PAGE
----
thumbdown.jpgMost of the career advice out there cautions employees from saying anything negative about their managers or company out in cyber space. But there are times trashing your boss on Facebook or Twitter is OK.

For the past few years I’ve been writing about how the government was pushing back on employers who fire employees for saying bad things about them online. A story I wrote for in 2010 looked at how the National Labor Relations Board (NLRB), an independent federal agency that defends employee-organizing rights, was beginning to step up and take complaints from workers who felt they were fired unjustly.

The NLRB felt companies were beginning to violate a long-existing provision of the National Labor Relations Act that provides protections to employees who get together and complain about a host of workplace issues - everything from conditions to benefits. Just because the discussions occur in cyber space doesn’t make a bit of difference, Jonathan Kreisberg, the NLRB’s Regional Director in Connecticut, told me then.

Well, it looks like the agency has solidified it’s standing on this topic.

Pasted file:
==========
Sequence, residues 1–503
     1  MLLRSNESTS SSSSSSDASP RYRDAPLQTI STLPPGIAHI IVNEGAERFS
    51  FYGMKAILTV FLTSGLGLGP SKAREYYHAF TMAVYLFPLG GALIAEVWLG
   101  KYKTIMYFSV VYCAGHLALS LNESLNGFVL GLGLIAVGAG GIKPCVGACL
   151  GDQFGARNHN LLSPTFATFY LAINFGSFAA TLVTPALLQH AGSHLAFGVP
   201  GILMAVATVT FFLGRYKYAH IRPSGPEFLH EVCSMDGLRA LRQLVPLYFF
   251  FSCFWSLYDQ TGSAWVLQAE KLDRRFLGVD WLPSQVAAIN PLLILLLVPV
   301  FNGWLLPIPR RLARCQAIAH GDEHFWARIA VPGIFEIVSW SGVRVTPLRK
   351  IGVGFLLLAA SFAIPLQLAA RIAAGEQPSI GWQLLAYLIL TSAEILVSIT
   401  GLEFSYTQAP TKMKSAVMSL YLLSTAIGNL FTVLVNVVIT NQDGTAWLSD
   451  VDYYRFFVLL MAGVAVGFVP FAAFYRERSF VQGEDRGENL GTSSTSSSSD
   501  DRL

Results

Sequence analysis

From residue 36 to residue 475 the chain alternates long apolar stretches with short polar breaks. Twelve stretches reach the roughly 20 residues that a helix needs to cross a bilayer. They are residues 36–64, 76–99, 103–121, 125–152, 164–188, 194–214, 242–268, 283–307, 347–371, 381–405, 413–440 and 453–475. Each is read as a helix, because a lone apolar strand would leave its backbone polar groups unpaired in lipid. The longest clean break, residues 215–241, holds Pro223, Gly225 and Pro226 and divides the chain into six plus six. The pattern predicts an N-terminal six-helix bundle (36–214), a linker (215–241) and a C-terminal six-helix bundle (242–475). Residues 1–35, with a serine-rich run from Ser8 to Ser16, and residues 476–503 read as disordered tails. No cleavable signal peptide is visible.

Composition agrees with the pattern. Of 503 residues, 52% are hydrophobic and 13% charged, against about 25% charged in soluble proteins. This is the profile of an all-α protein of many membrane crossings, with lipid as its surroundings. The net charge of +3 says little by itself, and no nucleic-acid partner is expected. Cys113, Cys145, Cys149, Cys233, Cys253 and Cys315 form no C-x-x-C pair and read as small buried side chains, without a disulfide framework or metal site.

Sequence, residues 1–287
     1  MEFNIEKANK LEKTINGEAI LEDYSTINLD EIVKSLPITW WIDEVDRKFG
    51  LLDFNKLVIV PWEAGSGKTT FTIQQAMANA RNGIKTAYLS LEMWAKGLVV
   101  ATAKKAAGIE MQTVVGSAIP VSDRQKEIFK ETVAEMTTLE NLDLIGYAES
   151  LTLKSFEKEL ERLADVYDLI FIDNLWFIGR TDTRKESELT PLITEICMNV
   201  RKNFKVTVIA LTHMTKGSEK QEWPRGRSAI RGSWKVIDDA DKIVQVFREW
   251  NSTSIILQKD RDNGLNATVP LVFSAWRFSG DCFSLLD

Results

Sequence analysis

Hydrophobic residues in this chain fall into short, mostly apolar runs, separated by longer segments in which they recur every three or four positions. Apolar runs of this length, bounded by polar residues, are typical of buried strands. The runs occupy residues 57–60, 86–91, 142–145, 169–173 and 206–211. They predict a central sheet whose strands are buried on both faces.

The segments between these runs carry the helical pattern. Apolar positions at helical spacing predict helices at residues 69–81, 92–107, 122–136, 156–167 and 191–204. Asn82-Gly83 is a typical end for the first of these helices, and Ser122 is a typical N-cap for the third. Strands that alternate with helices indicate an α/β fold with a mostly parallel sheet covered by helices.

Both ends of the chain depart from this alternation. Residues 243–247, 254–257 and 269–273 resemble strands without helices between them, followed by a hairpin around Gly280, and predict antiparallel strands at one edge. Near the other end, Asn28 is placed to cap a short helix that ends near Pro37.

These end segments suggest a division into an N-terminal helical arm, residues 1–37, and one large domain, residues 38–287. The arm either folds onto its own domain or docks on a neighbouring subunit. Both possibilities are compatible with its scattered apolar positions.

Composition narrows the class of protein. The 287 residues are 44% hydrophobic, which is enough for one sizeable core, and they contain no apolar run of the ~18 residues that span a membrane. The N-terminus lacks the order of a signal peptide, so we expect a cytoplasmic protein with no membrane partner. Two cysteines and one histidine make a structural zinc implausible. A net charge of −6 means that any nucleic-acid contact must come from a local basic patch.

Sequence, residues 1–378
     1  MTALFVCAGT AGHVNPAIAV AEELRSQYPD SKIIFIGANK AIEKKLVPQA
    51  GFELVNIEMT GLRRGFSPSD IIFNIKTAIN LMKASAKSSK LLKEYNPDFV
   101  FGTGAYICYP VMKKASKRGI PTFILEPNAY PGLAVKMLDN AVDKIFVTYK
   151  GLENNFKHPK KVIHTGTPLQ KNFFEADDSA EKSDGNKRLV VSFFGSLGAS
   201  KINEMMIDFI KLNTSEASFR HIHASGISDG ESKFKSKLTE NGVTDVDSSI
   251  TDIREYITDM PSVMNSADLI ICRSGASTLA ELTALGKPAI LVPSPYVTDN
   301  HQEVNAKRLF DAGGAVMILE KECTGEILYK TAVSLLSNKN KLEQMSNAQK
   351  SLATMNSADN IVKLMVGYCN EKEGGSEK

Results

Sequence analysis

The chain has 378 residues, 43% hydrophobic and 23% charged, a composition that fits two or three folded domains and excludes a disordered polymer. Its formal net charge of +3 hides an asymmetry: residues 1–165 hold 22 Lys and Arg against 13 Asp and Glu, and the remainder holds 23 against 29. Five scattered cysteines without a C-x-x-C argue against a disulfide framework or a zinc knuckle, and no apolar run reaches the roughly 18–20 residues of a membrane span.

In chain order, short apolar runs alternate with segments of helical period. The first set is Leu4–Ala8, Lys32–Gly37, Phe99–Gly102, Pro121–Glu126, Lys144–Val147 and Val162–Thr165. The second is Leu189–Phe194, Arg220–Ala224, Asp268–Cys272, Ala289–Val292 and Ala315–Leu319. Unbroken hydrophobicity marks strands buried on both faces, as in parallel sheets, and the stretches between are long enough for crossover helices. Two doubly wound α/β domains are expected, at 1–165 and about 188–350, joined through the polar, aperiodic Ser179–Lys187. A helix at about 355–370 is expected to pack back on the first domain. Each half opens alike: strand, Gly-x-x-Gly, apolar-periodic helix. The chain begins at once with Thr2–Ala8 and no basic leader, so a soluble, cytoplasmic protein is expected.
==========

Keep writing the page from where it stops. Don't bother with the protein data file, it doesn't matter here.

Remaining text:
A story today in the New York Times written by Steven Greenhouse looks at a bunch of recent NLRB ruling and advisories saying that “blanket restrictions” by employers when it comes to cyber speech are illegal and that the agency

says workers have a right to discuss work conditions freely and without fear of retribution, whether the discussion takes place at the office or on Facebook.

In addition to ordering the reinstatement of various workers fired for their posts on social networks, the agency has pushed companies nationwide, including giants like General Motors, Target and Costco, to rewrite their social media rules.

“Many view social media as the new water cooler,” said Mark G. Pearce, the board’s chairman, noting that federal law has long protected the right of employees to discuss work-related matters. “All we’re doing is applying traditional rules to a new technology.”

That doesn’t mean you can get out your cyber megaphone and start complaining about everything that goes on at work. You can’t just trash your boss because she or he made you take on an assignment you didn’t like, or you’re angry that your manager didn’t spring for booze at the holiday party.

What the NLRB is protecting here is an employees right to get together with other workers, whether at the water cooler or on Twitter, and try and improve working conditions.

So don’t be a dummy, stay away from your smartphone if you want to blow off steam and complain about work.

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